A national project aimed at boosting buyer confidence in Australian software by awarding software companies an independent seal of approval has gone better than anticipated by all concerned.
Launched in July by the Federal Government-funded software advocate Software Engineering Australia (SEA) the SoftwareMark initiative is an online business accelerator and certification program targeting software development companies and major software users.
Modelled on the wool industry's Woolmark marketing scheme, the Tasmanian-based scheme seeks to give software-intensive Australian businesses a platform to enhance their capability across a diverse range of business and software development skills by making teaching modules available via a portal. SoftwareMark is aimed at SME’s but is scaleable for larger organisations and seeks to fill technical gaps, and help with project management, software testing and development skills.
SEA chief executive Nathan Brumby says the aim is to help build a sustainable software industry by recognizing and promoting successful Australian software companies, encouraging innovation, attracting foreign investment to Australia, providing ways to help plug the skills deficit in Australian companies and the means to close those gaps, driving software exports and increasing software project successes. That, he says, is good for both government buyers and Australian software vendors.
“The industry and government goal is the same – it’s to have a sustainable and developing industry,” Brumby says. “What we identified, and this has been continually reinforced, is that for the software industry on the whole to be sustainable and competitive and growing, it needs to raise its business capability, and it needs to adopt independent standards to validate its development capability.”
Brumby says government interests are advanced by having a viable local software industry. He says government correctly assumes software is a pervasive technology that drives a lot of the value proposition for other industries, yet research and the data collected “over the last number of years” shows Australia is not performing well in the software industry. SMEs struggle to gain traction and build their businesses, he says.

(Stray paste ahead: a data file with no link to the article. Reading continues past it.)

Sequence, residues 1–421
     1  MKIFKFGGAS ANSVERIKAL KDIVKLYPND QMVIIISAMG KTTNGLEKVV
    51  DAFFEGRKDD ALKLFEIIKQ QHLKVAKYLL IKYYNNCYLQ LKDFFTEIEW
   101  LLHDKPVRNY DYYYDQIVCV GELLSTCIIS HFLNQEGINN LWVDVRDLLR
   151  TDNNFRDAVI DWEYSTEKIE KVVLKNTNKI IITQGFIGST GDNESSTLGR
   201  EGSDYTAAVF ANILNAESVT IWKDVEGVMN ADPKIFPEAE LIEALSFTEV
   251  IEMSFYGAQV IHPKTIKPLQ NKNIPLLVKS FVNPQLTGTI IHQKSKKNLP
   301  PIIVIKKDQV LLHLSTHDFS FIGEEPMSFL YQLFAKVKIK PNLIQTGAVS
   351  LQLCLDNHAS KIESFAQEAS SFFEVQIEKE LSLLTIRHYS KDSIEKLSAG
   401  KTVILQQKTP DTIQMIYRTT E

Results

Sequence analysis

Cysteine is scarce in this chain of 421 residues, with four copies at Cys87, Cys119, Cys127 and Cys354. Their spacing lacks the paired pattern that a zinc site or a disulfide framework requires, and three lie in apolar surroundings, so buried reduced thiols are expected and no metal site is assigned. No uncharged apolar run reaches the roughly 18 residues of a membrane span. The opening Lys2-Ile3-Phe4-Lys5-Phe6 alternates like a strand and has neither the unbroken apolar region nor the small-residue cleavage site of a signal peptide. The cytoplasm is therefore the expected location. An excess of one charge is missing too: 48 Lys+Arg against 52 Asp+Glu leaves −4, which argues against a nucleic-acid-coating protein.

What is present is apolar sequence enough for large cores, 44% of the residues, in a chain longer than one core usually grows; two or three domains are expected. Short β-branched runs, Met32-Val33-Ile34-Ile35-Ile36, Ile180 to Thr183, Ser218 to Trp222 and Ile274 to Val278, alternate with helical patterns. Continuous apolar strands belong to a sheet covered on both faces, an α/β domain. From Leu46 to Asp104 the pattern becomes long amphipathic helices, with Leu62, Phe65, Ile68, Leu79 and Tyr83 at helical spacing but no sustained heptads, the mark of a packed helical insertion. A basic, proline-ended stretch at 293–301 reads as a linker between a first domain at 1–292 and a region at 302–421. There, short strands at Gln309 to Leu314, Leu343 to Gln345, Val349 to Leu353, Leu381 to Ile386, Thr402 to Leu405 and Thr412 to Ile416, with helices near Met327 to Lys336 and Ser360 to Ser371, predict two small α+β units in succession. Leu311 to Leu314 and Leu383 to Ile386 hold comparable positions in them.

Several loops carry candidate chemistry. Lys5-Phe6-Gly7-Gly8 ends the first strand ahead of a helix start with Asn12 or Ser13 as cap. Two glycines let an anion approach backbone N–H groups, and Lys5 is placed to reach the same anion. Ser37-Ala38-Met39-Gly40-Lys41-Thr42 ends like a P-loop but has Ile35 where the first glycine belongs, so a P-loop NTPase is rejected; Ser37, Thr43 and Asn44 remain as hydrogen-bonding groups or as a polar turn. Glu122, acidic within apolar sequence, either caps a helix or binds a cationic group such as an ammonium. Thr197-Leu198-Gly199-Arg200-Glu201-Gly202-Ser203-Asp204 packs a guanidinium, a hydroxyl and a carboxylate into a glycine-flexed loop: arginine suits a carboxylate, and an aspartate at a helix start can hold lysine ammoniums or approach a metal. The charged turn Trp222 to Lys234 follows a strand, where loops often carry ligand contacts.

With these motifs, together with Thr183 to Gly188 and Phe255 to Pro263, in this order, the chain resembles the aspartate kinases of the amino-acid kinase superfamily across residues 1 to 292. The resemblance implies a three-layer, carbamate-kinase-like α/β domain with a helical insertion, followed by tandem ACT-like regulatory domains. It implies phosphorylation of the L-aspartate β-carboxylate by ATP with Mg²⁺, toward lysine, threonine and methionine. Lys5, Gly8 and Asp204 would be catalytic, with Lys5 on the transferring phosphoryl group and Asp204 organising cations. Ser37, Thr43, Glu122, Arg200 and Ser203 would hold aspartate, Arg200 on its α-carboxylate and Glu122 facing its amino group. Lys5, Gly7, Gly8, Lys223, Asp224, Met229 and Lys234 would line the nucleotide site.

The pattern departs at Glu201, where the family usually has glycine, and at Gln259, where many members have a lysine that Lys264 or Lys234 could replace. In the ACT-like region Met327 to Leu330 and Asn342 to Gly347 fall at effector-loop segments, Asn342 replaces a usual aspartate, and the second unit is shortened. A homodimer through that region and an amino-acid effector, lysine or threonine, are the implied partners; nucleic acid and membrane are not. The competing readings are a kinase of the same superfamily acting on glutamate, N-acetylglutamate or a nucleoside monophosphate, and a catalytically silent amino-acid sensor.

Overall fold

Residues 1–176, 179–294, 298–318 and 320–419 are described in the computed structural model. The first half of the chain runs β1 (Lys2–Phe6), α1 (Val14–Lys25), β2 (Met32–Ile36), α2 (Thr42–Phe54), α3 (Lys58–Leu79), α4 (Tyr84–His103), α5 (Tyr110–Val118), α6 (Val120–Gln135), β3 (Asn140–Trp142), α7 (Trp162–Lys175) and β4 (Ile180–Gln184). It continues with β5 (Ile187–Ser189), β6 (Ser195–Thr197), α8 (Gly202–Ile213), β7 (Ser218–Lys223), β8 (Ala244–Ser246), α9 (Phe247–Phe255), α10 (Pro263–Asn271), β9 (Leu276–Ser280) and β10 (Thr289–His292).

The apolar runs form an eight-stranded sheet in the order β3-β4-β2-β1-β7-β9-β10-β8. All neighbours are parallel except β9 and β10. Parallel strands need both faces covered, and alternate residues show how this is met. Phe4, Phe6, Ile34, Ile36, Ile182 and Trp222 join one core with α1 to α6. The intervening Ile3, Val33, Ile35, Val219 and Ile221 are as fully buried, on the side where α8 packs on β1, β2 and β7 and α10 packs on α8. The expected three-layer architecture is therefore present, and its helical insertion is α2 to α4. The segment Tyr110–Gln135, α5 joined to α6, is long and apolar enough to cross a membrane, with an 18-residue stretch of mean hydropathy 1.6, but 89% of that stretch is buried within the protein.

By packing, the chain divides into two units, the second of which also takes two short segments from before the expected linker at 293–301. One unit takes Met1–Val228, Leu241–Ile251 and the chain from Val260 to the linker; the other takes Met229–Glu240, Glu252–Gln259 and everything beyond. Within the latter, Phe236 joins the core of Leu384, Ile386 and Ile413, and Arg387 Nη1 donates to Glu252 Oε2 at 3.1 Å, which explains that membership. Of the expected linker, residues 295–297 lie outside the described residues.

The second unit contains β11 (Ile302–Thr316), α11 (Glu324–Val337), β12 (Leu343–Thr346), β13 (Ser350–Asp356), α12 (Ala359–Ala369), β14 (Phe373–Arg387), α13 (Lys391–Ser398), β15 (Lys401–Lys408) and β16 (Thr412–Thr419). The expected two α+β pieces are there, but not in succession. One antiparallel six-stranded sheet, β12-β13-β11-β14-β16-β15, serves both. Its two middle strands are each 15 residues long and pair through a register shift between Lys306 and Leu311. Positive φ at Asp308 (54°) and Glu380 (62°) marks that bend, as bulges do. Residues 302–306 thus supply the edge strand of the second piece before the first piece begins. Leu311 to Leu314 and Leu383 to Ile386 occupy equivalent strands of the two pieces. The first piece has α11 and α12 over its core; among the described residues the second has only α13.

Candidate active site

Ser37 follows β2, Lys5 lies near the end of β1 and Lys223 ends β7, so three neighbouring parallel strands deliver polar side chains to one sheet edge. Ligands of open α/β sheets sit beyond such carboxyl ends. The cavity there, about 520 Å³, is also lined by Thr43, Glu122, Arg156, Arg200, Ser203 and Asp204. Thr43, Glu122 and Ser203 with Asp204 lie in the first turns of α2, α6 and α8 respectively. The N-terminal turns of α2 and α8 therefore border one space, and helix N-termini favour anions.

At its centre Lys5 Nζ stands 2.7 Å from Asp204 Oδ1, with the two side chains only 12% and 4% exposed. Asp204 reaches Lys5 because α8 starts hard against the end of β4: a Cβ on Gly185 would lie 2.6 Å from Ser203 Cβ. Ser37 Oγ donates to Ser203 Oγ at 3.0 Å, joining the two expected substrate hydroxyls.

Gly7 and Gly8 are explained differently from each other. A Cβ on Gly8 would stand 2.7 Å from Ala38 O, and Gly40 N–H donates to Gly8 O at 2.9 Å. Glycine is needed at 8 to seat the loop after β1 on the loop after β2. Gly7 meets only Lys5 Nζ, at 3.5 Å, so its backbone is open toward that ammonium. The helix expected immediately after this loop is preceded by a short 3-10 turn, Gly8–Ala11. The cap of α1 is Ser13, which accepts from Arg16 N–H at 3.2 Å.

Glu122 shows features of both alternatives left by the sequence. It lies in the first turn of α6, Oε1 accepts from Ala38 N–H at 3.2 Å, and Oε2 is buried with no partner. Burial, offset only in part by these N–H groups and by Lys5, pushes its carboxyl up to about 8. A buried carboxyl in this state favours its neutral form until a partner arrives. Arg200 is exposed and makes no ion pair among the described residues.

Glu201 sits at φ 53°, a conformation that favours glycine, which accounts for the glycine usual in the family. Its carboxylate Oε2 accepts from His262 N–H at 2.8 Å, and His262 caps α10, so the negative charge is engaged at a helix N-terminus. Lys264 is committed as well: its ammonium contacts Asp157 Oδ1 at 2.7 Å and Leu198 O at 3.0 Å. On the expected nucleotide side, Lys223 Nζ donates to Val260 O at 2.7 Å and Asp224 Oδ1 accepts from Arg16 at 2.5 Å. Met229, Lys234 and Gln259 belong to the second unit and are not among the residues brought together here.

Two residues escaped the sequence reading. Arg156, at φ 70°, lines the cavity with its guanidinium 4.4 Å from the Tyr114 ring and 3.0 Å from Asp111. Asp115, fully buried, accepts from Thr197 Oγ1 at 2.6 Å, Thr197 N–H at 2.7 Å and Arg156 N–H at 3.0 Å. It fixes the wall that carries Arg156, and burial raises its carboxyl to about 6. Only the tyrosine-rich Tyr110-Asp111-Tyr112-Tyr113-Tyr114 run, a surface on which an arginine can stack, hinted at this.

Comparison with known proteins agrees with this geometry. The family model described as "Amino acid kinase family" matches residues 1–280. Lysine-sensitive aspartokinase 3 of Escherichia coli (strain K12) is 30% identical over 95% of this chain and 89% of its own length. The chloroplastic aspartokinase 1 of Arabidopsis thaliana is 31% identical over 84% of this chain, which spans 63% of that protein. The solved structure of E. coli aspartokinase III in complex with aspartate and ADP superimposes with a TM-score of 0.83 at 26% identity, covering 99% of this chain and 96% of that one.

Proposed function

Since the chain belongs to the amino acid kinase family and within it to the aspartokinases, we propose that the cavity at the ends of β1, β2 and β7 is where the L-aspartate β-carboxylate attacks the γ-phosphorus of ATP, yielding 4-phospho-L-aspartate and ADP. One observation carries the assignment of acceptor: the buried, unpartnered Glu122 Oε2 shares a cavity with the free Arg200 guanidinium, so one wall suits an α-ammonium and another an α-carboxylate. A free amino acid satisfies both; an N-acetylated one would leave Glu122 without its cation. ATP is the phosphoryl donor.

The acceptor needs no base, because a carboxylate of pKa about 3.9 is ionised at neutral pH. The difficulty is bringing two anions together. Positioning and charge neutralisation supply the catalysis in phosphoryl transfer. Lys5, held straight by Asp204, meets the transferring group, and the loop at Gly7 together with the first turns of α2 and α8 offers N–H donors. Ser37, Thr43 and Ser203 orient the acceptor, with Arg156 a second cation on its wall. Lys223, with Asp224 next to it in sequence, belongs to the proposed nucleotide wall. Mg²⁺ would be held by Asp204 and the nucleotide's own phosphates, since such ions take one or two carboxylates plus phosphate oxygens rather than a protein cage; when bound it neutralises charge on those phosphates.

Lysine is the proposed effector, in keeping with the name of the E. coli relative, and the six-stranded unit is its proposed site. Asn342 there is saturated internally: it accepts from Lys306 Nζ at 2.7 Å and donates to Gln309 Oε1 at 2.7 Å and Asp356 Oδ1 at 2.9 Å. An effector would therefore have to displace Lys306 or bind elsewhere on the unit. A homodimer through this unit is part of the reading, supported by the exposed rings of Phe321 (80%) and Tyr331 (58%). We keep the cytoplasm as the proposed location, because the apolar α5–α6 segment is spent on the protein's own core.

“The program we’re offering in Tasmania has been very deliberately structured to confront those issues. What we’re trying to see happen here is companies that come out of it that generate more export dollars, generate more R&D dollars, generate more revenue, employ more people,” he says.
And early indications are that it is working. Brumby says two thirds of the way though the pilot the companies taking part are saying it has gone far better than expected. He says most of those companies taking part started the exercise “fairly sceptical” about the value the scheme might give them. But he says it is now clear participating companies are clearly pleased with the benefits the scheme is providing.
“We interviewed all of those companies a couple of weeks ago and we were surprised about how positive they were about what the benefits they have been getting out of doing it,” he says. “We had people from Spain, Brazil, Italy, as part of the European Software Institute that came out working with those companies, so they’ve also got a perspective for development of software on more of a global understanding or scale, and that’s been incredibly valuable in letting them realise the same sorts of issues that may apply in America etc as they do in this part of the world.
“We’ve also been consulting to them on the fundamentals of business, and every one of those 11 companies felt that they’d gained enormous benefit out of having an objective third party come in and have a look at their business and not only identify where they could improve, but also offer suggestions.”
Organisations participating in the SoftwareMark program will become connected to the “software community of interest” and the wider Australian business community.
The SoftwareMark program is currently being piloted with the support of the Federal Government’s Tasmanian ICT industry development program, Intelligent Island. Companies participating in the pilot are: Prologic, Crank Media, TurnAround Solutions, Synateq, Sonar Data/Verdant, Dytech Solutions, Information Solution Works, Geometry, Agent Technology and Human Solutions.
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